Q: I have a question about the exercise program, Hard Core Scoli. In addition to scoliosis, I have significant kyphosis, which I suspect many scoliosis patients have to one degree or another. Are the exercises OK for kyphosis as well? Are there any I should avoid? Are there any other exercises that are particularly useful for kyphosis? It would be great to have an article about this. Thank you for your work in this area.


Laurel G.-D.

A: For a quick answer, if you have kyphosis scoliosis you’re safe to workout to Hard Core Scoli.

Now, let’s go a bit deeper about kyphosis scoliosis. Scoliosis is a lateral, or sideways bend of the spine 10 degrees or more. Kyphosis is a forward bend of the spine that is too much, past the normal about.

ds00681_im02597_mcdc7_kyphosisthu_jpgWhen working out with kyphosis, you want to focus on extending, or arching the part of the spine that is too kyphotic or that bends too far backward (sending the head too far forward).

Exercises like swan, flight, breaststroke, and swimming from Pilates, which I do in Hard Core Scoli, are perfect examples. For those exercises you’re on your belly on the floor and arch up off the floor. Baby Cobra in yoga is another example that can be great.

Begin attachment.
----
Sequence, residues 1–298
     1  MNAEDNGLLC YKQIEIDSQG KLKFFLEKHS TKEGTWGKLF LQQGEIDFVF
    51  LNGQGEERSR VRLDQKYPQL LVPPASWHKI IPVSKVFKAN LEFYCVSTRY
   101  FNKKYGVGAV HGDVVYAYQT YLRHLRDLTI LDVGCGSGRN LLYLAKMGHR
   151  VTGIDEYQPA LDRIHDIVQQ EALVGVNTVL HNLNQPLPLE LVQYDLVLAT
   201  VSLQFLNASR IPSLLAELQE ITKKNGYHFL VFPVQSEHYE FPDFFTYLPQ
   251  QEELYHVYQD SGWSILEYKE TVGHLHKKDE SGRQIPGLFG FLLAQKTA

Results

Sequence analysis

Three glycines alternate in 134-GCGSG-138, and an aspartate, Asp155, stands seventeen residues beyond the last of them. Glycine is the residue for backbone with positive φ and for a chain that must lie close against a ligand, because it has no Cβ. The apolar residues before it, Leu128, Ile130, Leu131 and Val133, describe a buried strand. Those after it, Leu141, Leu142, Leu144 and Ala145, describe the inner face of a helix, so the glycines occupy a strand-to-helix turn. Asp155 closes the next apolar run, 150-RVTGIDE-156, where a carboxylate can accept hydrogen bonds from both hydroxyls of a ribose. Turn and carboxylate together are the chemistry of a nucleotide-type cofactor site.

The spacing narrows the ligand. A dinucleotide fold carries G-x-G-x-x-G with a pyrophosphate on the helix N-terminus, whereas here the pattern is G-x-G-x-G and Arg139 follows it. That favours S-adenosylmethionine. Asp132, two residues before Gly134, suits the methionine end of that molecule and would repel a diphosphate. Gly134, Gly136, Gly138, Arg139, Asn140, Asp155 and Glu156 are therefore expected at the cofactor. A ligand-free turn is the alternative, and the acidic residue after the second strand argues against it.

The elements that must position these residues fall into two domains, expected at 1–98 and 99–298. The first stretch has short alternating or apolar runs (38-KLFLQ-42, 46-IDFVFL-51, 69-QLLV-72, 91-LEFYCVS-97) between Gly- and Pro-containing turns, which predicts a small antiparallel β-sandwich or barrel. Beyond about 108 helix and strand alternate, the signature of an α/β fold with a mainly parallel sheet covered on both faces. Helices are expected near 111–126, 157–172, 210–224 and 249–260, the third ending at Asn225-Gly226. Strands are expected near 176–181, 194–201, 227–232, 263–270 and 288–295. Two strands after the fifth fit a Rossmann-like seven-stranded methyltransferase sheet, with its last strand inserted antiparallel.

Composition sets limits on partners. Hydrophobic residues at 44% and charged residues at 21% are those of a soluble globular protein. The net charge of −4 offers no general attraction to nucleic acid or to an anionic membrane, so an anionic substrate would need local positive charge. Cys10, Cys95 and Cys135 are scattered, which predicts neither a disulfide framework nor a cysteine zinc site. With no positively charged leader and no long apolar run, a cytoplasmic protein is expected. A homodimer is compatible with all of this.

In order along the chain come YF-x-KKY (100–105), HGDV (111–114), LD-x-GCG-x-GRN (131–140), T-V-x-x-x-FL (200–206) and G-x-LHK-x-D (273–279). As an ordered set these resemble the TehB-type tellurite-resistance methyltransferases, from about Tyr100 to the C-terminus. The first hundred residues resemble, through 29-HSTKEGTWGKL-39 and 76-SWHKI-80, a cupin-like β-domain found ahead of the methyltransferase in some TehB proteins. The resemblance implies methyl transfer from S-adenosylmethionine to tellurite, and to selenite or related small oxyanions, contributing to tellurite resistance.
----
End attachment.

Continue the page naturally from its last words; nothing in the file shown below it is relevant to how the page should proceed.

Basic planks or bird dogs, also done in Hard Core Scoli, are also great for kyphosis. Think of really firing the muscles along the spine where the kyphosis is and arching the bones just in that area while keeping your neck long and your belly really held in tight.

If your kyphosis scoliosis is in your ribcage area, which is the location of most people’s kyphosis, make sure that is where you are arching. Do not over arch your neck or your low back.

In kyphosis the back is already too rounded, so you might want to avoid exercises like crunches, roll-downs, rolling like a ball, roll-over, and other exercises that focus on the ribcage curling forward. Those exercises shouldn’t hurt your spine, but they won’t necessarily be rehabilitative for your kyphosis. A few of the exercises I mentioned are in Hard Core Scoli, so if you deem that your specific spine shouldn’t do a particular exercises then simply substitute in another exercise.

Always remember, your goal is to bring the spine back to a “normal” position.

I put “normal” in quotation marks because no one in the scoli community has a “normal” spine, including myself. I have lordosis scoliosis, which is the opposite of kyphosis scoliosis. The vertebra in my ribcage area are too far forward making my whole spine look like a flat board. We all have unique spines, and it’s OK.

Love on your spine and work on getting more normal curves back into your spine, but give yourself some grace in the process. I’d highly recommend you record all your specific scoli exercises, or kyphosis scoliosis exercises if that’s the case, in one place.

I created My Scoli Journal to do just that if you don’t already have a place to record them. Go love on your spine!